17 April 2021: This week's story takes us from Rhode Island to the beaches at New South Wales Australia where storms have uncovered a wreck from the late 1800's. It's drawing tourists and locals alike to witness this strange and kind of haunting sight.
Storms on the NSW Mid North Coast have fully exposed one of the best-preserved shipwrecks in the country, 128 years after it washed ashore.
"Buster" – a 310-tonne timber barquentine – got stranded on Woolgoolga's main beach, north of Coffs Harbour, in 1893.
Now a major tourist attraction for the sleepy town, the wreck is regularly partially exposed — but every few years a major storm uncovers the ship entirely.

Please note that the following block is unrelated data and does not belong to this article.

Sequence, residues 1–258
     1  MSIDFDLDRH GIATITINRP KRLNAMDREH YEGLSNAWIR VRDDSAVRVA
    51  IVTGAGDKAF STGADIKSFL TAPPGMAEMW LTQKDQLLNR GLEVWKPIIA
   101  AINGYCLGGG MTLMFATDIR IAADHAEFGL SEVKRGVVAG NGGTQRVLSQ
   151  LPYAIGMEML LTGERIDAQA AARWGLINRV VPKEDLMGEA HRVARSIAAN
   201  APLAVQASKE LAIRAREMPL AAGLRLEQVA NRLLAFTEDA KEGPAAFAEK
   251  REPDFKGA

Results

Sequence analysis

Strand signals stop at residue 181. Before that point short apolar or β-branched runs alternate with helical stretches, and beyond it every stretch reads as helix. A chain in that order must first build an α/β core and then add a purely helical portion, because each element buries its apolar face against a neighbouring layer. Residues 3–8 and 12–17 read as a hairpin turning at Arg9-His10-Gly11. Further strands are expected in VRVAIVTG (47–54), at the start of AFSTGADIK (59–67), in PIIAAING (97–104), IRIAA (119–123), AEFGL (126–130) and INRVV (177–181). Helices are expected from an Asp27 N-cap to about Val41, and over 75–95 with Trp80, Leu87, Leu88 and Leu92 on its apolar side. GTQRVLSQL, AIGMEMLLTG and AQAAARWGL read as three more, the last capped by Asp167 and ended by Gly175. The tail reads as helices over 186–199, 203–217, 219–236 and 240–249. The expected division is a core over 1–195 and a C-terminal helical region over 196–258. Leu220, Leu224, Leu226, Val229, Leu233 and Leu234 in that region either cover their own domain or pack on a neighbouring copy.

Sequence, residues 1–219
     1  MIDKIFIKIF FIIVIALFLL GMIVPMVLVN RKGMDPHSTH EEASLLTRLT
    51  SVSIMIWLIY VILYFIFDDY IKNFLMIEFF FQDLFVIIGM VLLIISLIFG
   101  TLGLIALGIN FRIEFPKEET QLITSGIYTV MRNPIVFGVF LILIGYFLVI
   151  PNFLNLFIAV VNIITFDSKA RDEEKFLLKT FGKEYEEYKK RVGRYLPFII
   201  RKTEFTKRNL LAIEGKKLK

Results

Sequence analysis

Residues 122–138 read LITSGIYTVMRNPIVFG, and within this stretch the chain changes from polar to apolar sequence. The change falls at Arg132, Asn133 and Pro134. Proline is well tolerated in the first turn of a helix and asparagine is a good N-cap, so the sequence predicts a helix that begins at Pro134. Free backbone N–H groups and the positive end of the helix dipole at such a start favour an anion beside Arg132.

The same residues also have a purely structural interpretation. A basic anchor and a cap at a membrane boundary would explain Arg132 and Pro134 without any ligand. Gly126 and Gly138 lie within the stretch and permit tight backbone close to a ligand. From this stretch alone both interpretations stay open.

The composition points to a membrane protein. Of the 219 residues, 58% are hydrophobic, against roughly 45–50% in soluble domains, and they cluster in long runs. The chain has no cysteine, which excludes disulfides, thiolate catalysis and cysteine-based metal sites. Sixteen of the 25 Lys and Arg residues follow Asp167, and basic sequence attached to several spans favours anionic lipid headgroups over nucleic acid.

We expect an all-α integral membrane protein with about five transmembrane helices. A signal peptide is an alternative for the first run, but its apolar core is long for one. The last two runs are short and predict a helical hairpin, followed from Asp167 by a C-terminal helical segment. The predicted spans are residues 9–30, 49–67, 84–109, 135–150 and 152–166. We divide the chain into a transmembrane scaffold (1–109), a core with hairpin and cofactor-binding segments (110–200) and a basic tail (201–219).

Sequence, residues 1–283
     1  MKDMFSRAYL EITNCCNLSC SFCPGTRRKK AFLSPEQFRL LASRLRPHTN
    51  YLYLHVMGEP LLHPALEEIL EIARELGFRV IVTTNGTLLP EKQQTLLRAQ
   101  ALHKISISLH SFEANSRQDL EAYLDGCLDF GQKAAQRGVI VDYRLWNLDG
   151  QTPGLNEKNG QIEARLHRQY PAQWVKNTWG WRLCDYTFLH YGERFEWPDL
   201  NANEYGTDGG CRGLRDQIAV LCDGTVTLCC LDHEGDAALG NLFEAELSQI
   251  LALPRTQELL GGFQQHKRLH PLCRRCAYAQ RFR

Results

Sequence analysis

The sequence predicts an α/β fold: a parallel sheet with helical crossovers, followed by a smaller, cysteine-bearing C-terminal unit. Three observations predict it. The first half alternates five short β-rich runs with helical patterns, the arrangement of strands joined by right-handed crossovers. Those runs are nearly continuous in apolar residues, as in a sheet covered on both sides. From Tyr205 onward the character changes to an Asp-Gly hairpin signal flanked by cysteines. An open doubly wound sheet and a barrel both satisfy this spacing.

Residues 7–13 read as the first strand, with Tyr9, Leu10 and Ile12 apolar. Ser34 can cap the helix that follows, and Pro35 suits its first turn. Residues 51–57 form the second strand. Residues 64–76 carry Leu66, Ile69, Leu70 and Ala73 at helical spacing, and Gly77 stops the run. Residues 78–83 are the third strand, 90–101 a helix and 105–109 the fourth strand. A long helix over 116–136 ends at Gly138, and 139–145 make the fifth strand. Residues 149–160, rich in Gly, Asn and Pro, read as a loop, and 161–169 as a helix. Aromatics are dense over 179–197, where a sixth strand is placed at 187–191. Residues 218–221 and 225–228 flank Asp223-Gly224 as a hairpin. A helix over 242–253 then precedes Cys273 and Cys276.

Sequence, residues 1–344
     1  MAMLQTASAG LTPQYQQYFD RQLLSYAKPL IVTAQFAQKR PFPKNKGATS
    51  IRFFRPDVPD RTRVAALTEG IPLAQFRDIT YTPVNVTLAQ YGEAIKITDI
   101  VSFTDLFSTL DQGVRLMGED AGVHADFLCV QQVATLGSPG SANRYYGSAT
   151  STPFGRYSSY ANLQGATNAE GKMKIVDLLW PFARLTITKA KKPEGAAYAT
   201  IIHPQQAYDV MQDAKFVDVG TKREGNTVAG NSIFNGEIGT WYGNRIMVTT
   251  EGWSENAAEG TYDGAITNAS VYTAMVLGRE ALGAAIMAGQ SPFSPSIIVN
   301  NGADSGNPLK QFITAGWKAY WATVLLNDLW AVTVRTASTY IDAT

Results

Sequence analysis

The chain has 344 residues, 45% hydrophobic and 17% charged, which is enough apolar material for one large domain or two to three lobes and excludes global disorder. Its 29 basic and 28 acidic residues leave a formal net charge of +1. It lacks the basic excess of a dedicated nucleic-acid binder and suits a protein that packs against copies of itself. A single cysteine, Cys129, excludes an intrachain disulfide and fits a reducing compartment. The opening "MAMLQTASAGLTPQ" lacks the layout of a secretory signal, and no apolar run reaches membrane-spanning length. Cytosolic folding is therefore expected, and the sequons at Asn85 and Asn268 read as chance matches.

Coffs Harbour City councillor and long-time resident Tegan Swan said she had never seen the wreck like this before.
"That is my morning walk, around where the Buster sometimes is and sometimes isn't," she said.
"When I was down there the first time after it was exposed to this level you can actually see the anchor and right down into the bones of the ship.
"It's quite spooky and amazing just to see how thick the wood is, the detail that goes into it, I couldn't stop looking at it.
"You just don't see things like that anymore and to see it out there is quite majestic and a little bit spooky especially at 5:30am."
Cr Swan has lived in the area since she was 18 and has visited Woolgoolga frequently since she was a small child.
"I have never ever seen it this low and – just through local conversations – I haven't come across a single person who has not gone, 'Have you seen Buster recently?'" she said.
Early in the morning I walk down onto the beach and it makes me smile to see just how busy it is with people walking up and down.
"It probably wouldn't be popular to say it, but it does almost sometimes feel a little bit Gold Coasty with how popular we are, even in that early time in the morning.